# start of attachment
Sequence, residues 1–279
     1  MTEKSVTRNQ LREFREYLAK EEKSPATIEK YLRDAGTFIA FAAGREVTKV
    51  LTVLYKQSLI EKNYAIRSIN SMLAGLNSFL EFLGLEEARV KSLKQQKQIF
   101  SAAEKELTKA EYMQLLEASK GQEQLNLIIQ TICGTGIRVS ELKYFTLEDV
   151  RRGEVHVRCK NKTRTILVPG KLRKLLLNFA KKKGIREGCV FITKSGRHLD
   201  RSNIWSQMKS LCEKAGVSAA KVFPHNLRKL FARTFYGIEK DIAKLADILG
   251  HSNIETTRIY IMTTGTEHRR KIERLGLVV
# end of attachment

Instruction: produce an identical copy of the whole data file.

Sequence, residues 1–279
     1  MTEKSVTRNQ LREFREYLAK EEKSPATIEK YLRDAGTFIA FAAGREVTKV
    51  LTVLYKQSLI EKNYAIRSIN SMLAGLNSFL EFLGLEEARV KSLKQQKQIF
   101  SAAEKELTKA EYMQLLEASK GQEQLNLIIQ TICGTGIRVS ELKYFTLEDV
   151  RRGEVHVRCK NKTRTILVPG KLRKLLLNFA KKKGIREGCV FITKSGRHLD
   201  RSNIWSQMKS LCEKAGVSAA KVFPHNLRKL FARTFYGIEK DIAKLADILG
   251  HSNIETTRIY IMTTGTEHRR KIERLGLVV